While it's tough to judge the efficacy of the new all-wheel drive system, at least not without a layer of fresh powder, we do note its availability as addressing what's becoming a necessity in this entry-level luxury class. While the additional security of AWD is welcome, the added weight and parasitic loss of power through the extra drivetrain components wasn't. It's true that either AWD or rear-wheel drive are the most popular arrangements in this class, but Ford's CD3 chassis has established itself as one of the better handling front-wheel drive platforms on the market. In fact, the most fun we've had in one of these cars came during our time behind the wheel of the I4 Ford Fusion with a manual transmission. It's nimble handling made up for a lack of grunt, and perhaps that's why the heavier MKZ felt less fun to drive despite its horsepower advantage.
Despite our criticisms, the MKZ is a better car than the Zephyr was with its bigger V6 that clearly casts it as the premium selection in Ford's triumvirate of midsize family sedans. Lincoln's larger concern, however, should be how the MKZ compares to its similarly priced competition in the $30k to $35k range. Dave Thomas at KickingTires.net compiled a list of entry-level luxury sedans that can be had for $35,000 or less, which include an Acura, Audi, BMW, Cadillac, Chrysler, Subaru, Volvo and a pair of Lexuses. While each offers varying levels of content, luxury and power compared to the MKZ, all are compelling. For that matter, as Thomas points, so is a loaded Ford Fusion V6 AWD at $28,265.
To answer the question we posed at the beginning of this review, yes, the MKZ is a more appealing car then the Zephyr. The problem facing Lincoln is that the standard for this segment keeps rising and its siblings from Ford and Mercury represent a better value. In the end, the MKZ relies on what style it has to charm potential buyers, just like the Zephyr before it. Since style is subjective, it won't be at the top of everyone's list, but those who do choose the Lincoln MKZ will have enough here to hang their head high.
New Car Test Drive
The car formerly known as Zephyr.
If you've seen a Lincoln Zephyr recently and were intrigued, don't try to find one in a dealership. One year after the Zephyr's introduction, this mid-size sedan gets a name job and some changes under the hood. Zephyr is now the 2007 MKZ, consistent with Lincoln's new alpha-numeric model names.
The MKZ does show a new direction for Lincoln. A key element in this shift is offering luxury vehicles that are able to engage the driver instead of treating him or her as another occupant who happens to be seated behind the steering wheel. The MKZ succeeds in this respect, managing the difficult trick of delivering a ride that is generally comfortable with handling that makes it interesting and gratifying to drive quickly on a challenging country road.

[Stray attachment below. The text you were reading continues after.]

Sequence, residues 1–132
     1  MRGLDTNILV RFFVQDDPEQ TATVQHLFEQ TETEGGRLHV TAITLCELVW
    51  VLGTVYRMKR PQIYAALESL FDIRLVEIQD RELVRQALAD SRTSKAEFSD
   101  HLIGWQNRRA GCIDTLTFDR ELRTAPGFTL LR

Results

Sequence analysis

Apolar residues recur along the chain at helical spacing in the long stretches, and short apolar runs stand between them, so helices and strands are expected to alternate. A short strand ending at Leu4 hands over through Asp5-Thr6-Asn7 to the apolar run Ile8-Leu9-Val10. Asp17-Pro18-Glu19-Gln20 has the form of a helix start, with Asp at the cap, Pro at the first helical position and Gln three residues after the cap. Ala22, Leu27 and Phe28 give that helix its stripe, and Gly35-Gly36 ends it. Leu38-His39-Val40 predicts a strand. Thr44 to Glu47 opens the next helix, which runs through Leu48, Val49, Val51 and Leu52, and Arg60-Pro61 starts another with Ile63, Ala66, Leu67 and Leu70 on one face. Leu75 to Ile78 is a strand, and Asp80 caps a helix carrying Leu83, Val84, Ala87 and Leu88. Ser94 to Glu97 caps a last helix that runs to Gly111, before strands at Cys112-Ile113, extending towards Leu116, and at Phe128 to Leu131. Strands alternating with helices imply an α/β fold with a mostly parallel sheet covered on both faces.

This sedan's advantages include a competitive price and the availability of all-wheel drive (front-wheel drive is standard), which isn't offered on most of the MKZ's competitors. The drawbacks include its lack of electronic stability control or skid-management electronics.
Overall, the MKZ is well rounded. It's suitable for day-to-day commuting even on the Midwest's broken streets, comfy for long-distance cruising on an interstate and playful during a quick trip along a two-lane road through the mountains. It has plenty of power, but it uses regular fuel and delivers decent gas mileage.
There are indications that quality should be good. The 2006 Zephyr placed second in its segment in the annual Initial Quality Survey conducted by J.D. Power and Associates, just behind the Lexus IS 250/350 and ahead of the Acura TL. This study looks for problems reported in the first 90 days of ownership.
The MKZ debuts in one of the most competitive classes in the new car market. It offers a likeable package that's worth a look, particularly if Lincoln dealers are in the mood to negotiate or the automaker offers incentives. Many appreciate its styling, but like many cars it lacks that intangible bit of magic that would make it utterly compelling.